Retaliation Claim Against NYC Housing Authority Survives Summary Judgment

In Crump v. The New York City Housing Authority, No. 163138/2015, 2020 WL 5874852 (N.Y. Sup Ct, New York County Oct. 02, 2020), the court, inter alia, denied defendants’ motion for summary judgment on plaintiff’s claim that he was subject to retaliation (for complaining of discrimination and harassment based on his sexual orientation) in violation of the New York City Human Rights Law.

Here is the court’s summary of the “black letter law” regarding retaliation:

To prevail on a retaliation claim under the NYCHRL, plaintiffs must show that (1) they have engaged in protected activity, (2) their employer was aware that they participated in such activity, (3) they suffered an adverse employment action based upon their activity, and (4) there is a causal connection between the protected activity and the adverse action. (Forrest v Jewish Guild for the Blind, 3 NY3d 295, 313 [2004].) A causal connection between a protected activity and an adverse employment action can be inferred from evidence that the protected activity was followed closely by discriminatory treatment.

Applying the law, the court explained:

Plaintiff has introduced evidence that he repeatedly complained to his superiors about German’s assertedly harassing conduct, including complaints made at a meeting with several superiors in late April 2014. And it is undisputed that after the April 2014 meeting plaintiff received multiple counseling memorandums within a two-month span—some of which led to disciplinary charges at plaintiff’s first general trial that the hearing officer did not sustain. This court concludes that this evidence is sufficient to raise issues of fact on plaintiff’s retaliation claim.
*4 There is no merit to defendants’ contention that plaintiff’s retaliation claim fails because he has not introduced evidence of written complaints of discrimination made to others at NYCHA. A plaintiff need not have opposed discrimination in writing for a retaliation claim to survive, as long as the employer was aware of the plaintiff’s protected activity. (See Albunio v. City of NY, 16 NY3d 472, 479 [2011].) This court is also not persuaded by defendants’ argument that plaintiff failed to show a causal relationship between his complaints of discrimination and subsequent mistreatment by superiors at NYCHA—particularly in light of the close temporal proximity between the April 2014 meeting and a string of disciplinary write-ups.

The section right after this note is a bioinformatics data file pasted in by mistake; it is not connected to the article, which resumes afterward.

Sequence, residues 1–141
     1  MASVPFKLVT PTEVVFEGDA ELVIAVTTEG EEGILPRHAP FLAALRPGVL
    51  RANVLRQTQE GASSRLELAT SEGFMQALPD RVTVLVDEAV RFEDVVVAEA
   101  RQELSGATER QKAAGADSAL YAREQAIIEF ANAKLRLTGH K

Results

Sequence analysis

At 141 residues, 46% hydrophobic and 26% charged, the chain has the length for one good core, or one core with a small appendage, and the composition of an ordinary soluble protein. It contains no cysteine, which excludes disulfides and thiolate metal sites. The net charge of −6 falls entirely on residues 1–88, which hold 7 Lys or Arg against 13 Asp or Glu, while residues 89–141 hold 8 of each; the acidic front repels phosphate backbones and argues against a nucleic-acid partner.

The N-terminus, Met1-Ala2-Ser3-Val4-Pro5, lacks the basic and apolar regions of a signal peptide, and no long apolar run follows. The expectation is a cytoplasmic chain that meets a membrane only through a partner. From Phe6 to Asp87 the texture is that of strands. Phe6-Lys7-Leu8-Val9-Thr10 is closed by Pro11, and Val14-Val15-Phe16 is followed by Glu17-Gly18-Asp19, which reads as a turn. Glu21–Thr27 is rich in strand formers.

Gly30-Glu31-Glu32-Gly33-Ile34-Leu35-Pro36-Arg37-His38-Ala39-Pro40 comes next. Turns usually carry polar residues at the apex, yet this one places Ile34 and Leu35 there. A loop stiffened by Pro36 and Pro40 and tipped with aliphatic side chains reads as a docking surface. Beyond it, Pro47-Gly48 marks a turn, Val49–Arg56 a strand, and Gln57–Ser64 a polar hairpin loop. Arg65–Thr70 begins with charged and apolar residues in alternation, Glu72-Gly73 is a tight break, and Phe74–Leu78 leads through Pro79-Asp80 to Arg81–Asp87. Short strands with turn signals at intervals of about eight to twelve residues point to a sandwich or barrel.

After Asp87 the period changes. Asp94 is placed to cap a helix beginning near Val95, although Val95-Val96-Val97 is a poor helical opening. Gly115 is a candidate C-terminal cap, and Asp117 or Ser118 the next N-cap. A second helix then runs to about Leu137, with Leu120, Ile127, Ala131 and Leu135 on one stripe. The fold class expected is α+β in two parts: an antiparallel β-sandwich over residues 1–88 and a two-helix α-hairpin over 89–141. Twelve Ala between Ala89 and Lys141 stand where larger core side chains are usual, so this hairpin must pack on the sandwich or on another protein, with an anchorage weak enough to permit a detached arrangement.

The court concluded that – while defendants provided evidence that (if credited by a jury) “might indicate that plaintiff did not, in fact, complain of orientation-based harassment and discrimination against him; and that the various counseling memorandums received by plaintiff were entirely motivated by nondiscriminatory considerations” – such “evidence, measured against plaintiff’s conflicting testimony, raises a credibility question for the jury to answer.”

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